(Reuters) - Energizer Holdings Inc (ENR.N) said on Wednesday that two U.S. retailers planned to stop selling its batteries, adding pressure to its sagging sales.
Shares of Energizer fell, even as the company maintained its full-year profit forecast due to cost savings.
The company also said it planned to buy Johnson & Johnson's (JNJ.N) feminine care brands in the United States, Canada and the Caribbean for $185 million.
The acquisition of the o.b. tampon, Stayfree pad and Carefree liner product lines would give Energizer greater heft against Procter & Gamble Co (PG.N) and Kimberly-Clark Corp's (KMB.N) feminine care brands.
Energizer said it expected sales in its household products division to fall by more than 10 percent in the current fiscal fourth quarter, largely because two U.S. retailers will no longer sell its batteries.
Shares of Energizer were down 4.2 percent at $100.54 in afternoon trading.
"The Energizer battery brand is caught in between the low-end brands like a Rayovac or private label, which are much cheaper, and the high-end brands like a Duracell, that is a little more expensive but spends a lot more on its brand," Bernstein analyst Ali Dibadj said.
Energizer reported a higher-than-expected profit for its fiscal third quarter despite a slight drop in sales, and it announced plans to raise its quarterly dividend by 25 percent to 50 cents a share.
While Energizer did not say which retailers were dropping its batteries, Family Dollar said this month that P&G's Duracell would become the only national battery brand in its stores.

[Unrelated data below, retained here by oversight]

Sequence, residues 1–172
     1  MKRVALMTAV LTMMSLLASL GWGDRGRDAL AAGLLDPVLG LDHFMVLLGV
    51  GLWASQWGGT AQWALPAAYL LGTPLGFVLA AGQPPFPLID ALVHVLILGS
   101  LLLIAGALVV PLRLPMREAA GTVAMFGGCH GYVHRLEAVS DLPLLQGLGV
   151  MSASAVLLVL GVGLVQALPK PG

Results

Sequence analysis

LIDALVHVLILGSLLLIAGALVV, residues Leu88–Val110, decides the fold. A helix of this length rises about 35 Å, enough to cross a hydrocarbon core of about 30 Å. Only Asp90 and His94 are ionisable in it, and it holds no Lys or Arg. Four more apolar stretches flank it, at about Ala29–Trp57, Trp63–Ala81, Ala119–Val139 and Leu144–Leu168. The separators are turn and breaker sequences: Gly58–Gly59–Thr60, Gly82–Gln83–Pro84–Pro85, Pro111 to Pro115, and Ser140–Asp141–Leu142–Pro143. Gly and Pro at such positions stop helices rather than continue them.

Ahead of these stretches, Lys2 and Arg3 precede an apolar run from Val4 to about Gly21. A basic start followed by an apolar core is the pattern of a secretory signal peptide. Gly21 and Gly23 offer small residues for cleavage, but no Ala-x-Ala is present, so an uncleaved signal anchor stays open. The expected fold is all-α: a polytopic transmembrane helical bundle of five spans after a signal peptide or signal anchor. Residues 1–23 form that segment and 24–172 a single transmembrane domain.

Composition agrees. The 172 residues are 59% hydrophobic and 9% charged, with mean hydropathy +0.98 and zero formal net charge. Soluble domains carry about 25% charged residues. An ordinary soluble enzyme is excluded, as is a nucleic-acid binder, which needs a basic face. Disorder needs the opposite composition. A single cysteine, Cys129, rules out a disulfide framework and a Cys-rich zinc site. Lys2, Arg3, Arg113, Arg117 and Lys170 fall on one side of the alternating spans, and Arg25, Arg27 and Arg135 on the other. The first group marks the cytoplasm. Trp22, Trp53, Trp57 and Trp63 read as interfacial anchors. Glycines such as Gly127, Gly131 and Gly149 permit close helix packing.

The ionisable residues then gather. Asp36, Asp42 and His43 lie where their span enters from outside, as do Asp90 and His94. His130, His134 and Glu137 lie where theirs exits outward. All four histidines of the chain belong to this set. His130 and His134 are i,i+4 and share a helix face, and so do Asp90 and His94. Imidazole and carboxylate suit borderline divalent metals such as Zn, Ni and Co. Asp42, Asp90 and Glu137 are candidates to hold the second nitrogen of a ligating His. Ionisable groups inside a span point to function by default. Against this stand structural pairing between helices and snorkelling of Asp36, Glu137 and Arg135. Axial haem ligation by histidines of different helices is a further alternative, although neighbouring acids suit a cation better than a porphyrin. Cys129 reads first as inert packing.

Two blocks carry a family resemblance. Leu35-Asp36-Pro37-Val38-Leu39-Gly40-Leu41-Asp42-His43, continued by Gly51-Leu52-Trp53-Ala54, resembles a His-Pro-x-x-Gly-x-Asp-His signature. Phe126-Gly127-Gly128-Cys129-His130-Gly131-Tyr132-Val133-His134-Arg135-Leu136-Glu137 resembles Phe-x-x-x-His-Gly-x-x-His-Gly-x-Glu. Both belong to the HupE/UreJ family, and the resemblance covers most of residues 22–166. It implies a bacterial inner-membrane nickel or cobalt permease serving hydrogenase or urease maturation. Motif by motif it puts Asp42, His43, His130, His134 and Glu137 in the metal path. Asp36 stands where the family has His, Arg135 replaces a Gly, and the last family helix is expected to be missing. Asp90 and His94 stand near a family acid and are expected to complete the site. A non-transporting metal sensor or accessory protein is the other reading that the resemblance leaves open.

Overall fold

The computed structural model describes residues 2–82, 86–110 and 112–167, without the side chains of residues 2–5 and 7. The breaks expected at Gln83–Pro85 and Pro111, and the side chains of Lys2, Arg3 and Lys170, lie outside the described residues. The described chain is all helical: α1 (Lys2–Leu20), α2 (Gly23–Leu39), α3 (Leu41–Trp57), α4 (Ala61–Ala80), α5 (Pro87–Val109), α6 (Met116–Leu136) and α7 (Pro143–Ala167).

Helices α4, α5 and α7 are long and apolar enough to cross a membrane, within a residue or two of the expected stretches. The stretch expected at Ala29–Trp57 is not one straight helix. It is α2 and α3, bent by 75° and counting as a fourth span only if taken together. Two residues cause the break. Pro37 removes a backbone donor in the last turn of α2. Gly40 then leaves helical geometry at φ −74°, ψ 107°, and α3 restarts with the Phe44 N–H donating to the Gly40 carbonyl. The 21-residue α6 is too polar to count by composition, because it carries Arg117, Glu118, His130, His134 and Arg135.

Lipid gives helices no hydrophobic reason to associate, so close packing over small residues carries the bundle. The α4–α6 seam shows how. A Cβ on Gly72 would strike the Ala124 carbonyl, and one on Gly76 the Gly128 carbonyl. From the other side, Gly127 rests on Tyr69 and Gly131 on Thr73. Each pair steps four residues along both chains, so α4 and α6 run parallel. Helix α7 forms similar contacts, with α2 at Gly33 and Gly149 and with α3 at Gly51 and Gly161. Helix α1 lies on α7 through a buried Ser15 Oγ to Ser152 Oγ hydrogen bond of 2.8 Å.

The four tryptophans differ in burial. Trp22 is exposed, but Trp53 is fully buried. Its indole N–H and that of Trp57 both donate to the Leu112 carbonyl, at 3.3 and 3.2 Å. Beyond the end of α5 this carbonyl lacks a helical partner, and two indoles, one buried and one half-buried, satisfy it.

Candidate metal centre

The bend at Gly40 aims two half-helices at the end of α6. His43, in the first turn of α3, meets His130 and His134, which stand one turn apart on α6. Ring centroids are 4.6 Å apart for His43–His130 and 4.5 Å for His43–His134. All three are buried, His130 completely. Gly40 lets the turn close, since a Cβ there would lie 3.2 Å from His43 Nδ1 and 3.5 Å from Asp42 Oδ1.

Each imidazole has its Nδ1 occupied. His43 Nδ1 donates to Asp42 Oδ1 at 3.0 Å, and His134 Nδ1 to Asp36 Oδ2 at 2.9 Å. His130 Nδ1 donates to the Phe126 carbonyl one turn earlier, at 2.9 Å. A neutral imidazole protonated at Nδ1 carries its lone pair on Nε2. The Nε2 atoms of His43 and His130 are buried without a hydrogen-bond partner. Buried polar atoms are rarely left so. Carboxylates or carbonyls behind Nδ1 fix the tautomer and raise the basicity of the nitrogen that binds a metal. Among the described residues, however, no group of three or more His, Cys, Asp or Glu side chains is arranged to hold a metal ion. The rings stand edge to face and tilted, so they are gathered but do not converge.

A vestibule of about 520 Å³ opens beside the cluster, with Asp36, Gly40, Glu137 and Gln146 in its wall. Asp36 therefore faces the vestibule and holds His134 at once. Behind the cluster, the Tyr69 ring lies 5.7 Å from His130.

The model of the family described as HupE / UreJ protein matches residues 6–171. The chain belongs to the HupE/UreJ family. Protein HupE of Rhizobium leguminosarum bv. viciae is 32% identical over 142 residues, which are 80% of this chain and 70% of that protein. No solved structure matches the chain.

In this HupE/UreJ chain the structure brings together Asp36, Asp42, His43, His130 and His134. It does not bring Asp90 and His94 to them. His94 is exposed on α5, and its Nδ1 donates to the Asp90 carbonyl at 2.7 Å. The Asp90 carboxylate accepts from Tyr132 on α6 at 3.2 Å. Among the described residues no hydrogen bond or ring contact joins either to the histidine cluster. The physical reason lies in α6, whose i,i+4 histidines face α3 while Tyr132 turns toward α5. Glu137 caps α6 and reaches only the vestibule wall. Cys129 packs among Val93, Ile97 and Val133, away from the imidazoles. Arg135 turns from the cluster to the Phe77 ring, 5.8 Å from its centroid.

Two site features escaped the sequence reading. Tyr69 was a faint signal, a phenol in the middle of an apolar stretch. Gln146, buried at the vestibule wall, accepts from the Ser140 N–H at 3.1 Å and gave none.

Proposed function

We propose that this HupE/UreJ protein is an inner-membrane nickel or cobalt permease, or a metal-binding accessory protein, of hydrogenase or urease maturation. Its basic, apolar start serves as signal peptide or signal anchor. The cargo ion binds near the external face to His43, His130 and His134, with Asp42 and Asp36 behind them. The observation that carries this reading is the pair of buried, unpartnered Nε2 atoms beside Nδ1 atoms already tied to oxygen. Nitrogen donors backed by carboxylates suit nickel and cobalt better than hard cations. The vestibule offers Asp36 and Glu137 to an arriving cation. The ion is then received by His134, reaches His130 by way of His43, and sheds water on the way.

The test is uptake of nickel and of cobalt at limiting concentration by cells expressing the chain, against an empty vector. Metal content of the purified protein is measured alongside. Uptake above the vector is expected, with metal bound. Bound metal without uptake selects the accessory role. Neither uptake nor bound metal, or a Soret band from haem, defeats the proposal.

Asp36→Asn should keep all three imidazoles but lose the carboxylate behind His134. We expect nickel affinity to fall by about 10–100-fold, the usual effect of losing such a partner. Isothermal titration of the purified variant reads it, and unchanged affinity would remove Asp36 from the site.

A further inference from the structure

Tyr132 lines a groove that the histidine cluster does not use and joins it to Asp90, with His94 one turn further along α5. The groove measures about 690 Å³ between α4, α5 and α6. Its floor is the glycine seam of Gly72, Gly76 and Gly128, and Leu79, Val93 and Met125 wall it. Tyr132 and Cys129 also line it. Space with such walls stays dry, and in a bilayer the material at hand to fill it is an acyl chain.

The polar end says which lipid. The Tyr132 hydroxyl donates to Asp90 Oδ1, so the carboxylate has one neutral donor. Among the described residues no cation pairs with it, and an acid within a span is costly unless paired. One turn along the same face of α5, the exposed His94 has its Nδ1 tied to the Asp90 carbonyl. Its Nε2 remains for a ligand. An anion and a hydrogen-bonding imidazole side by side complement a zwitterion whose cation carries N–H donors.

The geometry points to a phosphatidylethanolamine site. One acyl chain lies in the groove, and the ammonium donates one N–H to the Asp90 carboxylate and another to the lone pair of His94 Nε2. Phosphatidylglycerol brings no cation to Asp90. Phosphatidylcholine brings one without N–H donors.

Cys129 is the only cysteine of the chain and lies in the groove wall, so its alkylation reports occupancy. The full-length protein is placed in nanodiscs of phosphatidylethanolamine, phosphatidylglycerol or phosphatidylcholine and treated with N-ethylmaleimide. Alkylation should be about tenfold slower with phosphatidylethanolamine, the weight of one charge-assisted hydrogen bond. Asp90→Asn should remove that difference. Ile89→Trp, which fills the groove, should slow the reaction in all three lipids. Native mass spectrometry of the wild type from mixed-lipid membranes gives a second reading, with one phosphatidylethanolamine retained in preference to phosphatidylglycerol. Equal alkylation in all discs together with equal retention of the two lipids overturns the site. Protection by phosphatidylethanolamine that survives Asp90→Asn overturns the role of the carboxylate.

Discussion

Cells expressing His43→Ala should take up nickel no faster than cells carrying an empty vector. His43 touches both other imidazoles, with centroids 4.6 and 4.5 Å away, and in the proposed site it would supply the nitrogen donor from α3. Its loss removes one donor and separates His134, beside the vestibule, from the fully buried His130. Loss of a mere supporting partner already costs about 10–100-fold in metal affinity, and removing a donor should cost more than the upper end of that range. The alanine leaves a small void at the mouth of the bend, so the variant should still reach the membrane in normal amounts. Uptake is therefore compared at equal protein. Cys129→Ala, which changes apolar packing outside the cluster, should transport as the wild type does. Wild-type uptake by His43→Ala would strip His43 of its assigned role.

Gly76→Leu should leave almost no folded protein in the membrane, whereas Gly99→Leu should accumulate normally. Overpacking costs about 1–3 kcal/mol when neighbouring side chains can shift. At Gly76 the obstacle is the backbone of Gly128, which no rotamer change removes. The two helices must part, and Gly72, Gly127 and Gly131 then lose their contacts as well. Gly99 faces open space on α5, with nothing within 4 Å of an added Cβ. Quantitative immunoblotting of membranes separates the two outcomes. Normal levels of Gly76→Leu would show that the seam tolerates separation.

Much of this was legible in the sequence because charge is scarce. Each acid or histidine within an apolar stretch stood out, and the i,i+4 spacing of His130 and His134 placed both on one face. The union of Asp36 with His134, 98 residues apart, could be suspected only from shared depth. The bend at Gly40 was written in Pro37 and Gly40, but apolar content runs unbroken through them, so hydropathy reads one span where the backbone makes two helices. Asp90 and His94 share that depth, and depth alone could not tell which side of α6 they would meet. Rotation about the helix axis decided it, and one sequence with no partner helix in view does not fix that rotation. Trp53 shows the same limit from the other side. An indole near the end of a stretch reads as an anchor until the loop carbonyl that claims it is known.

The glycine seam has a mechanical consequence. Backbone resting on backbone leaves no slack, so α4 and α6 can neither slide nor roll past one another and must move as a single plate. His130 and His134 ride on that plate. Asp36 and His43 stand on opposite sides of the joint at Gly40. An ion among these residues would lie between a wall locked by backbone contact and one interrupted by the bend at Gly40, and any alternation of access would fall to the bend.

Energizer Chief Executive Ward Klein, speaking on a conference call on Wednesday, suggested that the losses had to do with retailers that focus on one exclusive brand or the other, and said it is "not a new phenomenon."
Early last year, Energizer lost shelf space for batteries at the Walmart chain, which it said was a short-term issue.
Wal-Mart is Energizer's biggest customer, accounting for about 20 percent of the company's fiscal 2012 sales. Representatives for Wal-Mart's Walmart U.S. division and Sam's Club were not immediately available for comment.
While Energizer is best known for its batteries, it derives a larger percentage of sales and profits from its personal care products, such as Schick razors, Banana Boat sunscreen and Playtex tampons.
The acquisition of J&J's brands could help Energizer gain attention in the feminine care aisle, often dominated by P&G's Always and Tampax brands, and other rivals such as Kimberly's Kotex. Energizer entered the feminine care business in 2007, when it acquired Playtex Products Inc.
Energizer said it expected the deal, which includes a manufacturing plant in Montreal, to close this quarter and that it should add modestly to earnings next year. Goldman Sachs (GS.N) was the company's financial adviser on the acquisition.
J&J said it remains committed to its feminine care business outside of North America.
Energizer said it earned $87.2 million, or $1.38 per share, in the fiscal third quarter ended June 30, up from $70.2 million, or $1.06 per share, a year earlier.
Adjusted earnings, which exclude items such as restructuring costs, rose to $1.57 per share from $1.18 and topped analysts' average forecast of $1.32, according to Thomson Reuters I/B/E/S.
Sales slipped to $1.11 billion from $1.12 billion, missing the analysts' average forecast of $1.14 billion, as competitors' promotions and a wet summer curbed demand for products like suntan lotion.
Energizer said it still expected fiscal-year adjusted earnings of $6.75 to $7.00 per share, helped by additional savings from the restructuring it announced in November.
The St. Louis-based company's plans include cutting more than 10 percent of its workforce. It now expects to save more than $80 million this fiscal year, up from a May target of $50 million to $60 million.
After posting double-digit percentage increases in adjusted earnings per share for two years, Energizer said it expected to report mid-single-digit growth in fiscal 2014.
Reporting by Jessica Wohl in Chicago; Additional reporting by Phil Wahba in New York; Editing by Lisa Von Ahn and Leslie Adler